• A maximum DTI of 43%: DTI measures how much monthly debt you carry compared to your gross monthly income. To qualify for a home equity loan, lenders don’t want your monthly debt payments (including your second mortgage) to exceed 43% of your gross income. If your credit is below the required threshold, the lender may want to see an even lower DTI.
  • Stable and substantial income: With bad credit, you may need an even higher income than you would otherwise need to qualify for a home equity loan. A consistent, stable income will signal to your lender that you’re less likely to miss payments.
  • A history of paying your bills on time: Demonstrating that you consistently pay your bills on time, despite having bad credit, may also help you to secure a home equity loan.

If you have a substantial amount of home equity and can borrow quite a bit less than the lender would receive out of the sale of a home, in the event you fail to pay, then you might still qualify if you don’t meet all requirements. This will be on a case-by-case basis and completely depends on the appetite for risk of the lender.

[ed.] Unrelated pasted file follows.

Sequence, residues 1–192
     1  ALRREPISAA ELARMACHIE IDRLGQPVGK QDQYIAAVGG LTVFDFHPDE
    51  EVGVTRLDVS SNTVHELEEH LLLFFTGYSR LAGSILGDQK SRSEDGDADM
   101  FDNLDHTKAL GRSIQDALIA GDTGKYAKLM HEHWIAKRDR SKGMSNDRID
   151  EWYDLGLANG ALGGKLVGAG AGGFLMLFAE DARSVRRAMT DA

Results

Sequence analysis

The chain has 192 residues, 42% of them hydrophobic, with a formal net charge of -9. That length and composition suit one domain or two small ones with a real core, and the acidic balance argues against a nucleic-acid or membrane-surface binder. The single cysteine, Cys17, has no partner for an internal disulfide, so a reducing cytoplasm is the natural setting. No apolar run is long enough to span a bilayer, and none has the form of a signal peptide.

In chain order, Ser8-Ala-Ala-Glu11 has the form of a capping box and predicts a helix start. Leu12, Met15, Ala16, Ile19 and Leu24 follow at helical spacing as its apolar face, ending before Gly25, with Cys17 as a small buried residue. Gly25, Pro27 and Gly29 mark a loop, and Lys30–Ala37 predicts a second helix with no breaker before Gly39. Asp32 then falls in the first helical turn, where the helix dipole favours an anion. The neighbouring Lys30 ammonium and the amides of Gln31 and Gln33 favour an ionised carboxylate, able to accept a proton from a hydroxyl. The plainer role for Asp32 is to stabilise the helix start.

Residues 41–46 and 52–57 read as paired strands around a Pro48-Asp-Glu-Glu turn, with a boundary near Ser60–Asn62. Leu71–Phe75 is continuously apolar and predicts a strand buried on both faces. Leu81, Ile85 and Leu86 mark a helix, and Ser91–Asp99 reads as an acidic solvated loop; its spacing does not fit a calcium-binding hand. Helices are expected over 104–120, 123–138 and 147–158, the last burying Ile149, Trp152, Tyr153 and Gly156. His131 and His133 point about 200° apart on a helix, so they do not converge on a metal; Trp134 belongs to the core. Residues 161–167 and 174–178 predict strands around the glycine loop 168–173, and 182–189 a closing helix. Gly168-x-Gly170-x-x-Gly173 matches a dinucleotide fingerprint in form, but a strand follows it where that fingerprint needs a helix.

Steps to Take Before ApplyingA bad credit score can make getting a home equity loan more difficult, but not impossible.

If you have bad credit, take these six steps before applying for a home equity loan:

Step 1: Determine if Your Need Is Worth it

First consider why you need the loan. A home improvement project that will increase the value of your house or a medical emergency are both appropriate reasons to seek a home equity loan. Buying a new car or investing in cryptocurrency or other risky assets are not good reasons to tap the equity in your home and potentially risk losing it.

Step 2: Calculate Your Equity